Volvo Rolls Out Expensive Radar Technology Across Models

Volvo to roll out Lidar tech to its entire fleet.

Patrick Trousdale
Image Credit: Volvo
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US driving fatalities fell to 10,590 in the second quarter, down from 11,135 in the same period last year, but they remain a scourge to humanity.

Swedish automaker Volvo, a perennial safety leader, thinks we can do better. The carmaker announced that all future models will be outfitted with laser-based sensors, known as lidar, which they say will cut serious accidents in their vehicles by 20%. Skål to that.

See The Light

Lidar, which stands for light detection and ranging, is a remote sensing technology that uses pulsed lasers to create high-resolution images to capture an accurate 3-D view of the world. Cars outfitted with lidar can sense their surroundings and avoid obstacles like pedestrians, but high costs (a single lidar sensor can run over $1,000) mean the technology has largely been employed only by self-driving and commercial vehicles — rather than as an extra safety feature in regular old human-operated cars.

Still, analysts expect the use of safety sensors will soon become more commonplace; in the EU cars will soon be mandated to come with obstacle-activated emergency braking capabilities by law, and companies including BMW and Mercedes have announced lidar in certain models.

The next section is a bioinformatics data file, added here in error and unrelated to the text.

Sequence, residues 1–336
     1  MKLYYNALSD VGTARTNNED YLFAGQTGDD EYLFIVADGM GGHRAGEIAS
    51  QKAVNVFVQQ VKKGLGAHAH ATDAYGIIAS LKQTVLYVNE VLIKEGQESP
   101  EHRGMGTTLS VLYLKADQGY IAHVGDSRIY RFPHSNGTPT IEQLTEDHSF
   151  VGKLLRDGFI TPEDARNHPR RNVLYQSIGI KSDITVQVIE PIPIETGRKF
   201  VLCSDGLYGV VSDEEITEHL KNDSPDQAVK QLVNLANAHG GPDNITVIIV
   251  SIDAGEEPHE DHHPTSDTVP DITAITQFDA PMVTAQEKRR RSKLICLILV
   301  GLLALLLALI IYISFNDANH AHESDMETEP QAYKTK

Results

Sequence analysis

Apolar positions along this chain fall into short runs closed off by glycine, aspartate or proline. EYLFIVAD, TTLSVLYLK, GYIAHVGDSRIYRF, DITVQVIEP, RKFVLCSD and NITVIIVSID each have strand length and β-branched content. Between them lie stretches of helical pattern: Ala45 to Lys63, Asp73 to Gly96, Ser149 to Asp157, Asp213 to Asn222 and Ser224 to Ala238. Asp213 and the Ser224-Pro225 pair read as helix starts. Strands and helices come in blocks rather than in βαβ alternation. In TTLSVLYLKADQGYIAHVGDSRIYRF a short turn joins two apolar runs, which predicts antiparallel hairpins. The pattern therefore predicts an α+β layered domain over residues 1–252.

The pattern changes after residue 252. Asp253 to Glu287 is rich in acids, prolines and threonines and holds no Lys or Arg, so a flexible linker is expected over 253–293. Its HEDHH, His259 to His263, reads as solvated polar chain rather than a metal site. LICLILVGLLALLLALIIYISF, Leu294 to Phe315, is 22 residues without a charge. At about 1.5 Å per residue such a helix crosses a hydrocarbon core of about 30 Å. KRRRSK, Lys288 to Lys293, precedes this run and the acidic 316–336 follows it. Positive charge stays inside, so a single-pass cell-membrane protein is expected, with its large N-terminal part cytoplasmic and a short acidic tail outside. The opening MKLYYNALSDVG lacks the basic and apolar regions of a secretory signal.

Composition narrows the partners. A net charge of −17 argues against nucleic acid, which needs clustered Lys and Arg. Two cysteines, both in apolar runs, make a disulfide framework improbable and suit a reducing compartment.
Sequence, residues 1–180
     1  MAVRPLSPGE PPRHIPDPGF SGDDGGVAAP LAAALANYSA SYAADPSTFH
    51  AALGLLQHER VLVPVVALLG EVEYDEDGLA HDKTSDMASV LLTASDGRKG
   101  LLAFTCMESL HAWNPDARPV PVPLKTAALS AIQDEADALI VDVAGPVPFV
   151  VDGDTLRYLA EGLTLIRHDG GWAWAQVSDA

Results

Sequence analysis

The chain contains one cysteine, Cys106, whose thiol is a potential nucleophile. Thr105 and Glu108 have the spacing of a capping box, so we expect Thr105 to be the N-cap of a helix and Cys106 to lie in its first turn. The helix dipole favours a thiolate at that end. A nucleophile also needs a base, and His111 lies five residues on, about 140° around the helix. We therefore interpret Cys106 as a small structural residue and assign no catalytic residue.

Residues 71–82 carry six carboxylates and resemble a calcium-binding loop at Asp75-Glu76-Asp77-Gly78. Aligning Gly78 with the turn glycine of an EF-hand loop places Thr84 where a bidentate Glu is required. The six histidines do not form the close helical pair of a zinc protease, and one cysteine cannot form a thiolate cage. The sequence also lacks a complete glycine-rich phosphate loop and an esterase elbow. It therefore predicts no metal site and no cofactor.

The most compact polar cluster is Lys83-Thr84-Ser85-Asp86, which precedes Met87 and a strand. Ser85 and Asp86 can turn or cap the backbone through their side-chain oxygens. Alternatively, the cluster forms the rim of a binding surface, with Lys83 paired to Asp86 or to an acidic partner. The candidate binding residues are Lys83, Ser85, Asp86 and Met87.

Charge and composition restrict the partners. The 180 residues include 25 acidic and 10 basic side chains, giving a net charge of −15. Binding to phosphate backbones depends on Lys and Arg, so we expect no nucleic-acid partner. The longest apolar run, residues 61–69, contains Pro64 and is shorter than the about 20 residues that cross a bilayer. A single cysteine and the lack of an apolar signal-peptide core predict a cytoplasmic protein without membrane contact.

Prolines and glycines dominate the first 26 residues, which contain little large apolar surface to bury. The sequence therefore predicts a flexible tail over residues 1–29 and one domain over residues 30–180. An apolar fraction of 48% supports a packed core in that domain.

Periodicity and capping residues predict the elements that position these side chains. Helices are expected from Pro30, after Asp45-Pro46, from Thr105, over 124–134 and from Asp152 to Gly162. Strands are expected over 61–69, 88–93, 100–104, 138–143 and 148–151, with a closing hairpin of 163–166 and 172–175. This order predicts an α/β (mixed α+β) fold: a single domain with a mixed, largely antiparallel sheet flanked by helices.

Volvo, which became the first carmaker to introduce three-point seatbelts in the 1950s, is looking to cement its place as a safety leader:

  • The electric version of its flagship XC90 sport utility vehicle, the EX90, will feature a lidar sensor that allows it to see “a black tire on a black road at 120 meters ahead, or a pedestrian at 250 meters,” according to Volvo boss Jim Rowan.
  • That will give the car an extra 3-4 seconds of decision time and will reduce collisions by an estimated 9% and fatal or injury-inducing accidents by 20%. Volvo added it is “intent” on rolling out the tech to all future models.

Lidar Contrarian: Tesla CEO Elon Musk has come out strongly against Lidar technology, claiming that “anyone relying on LIDAR is doomed…it’s like having a whole bunch of expensive appendices…in my view, it’s a crutch that will drive companies to a local maximum that they will find very hard to get out of.” Instead, Tesla uses cameras and radars to inform its automated driving features – and presumably cut back on the doom.

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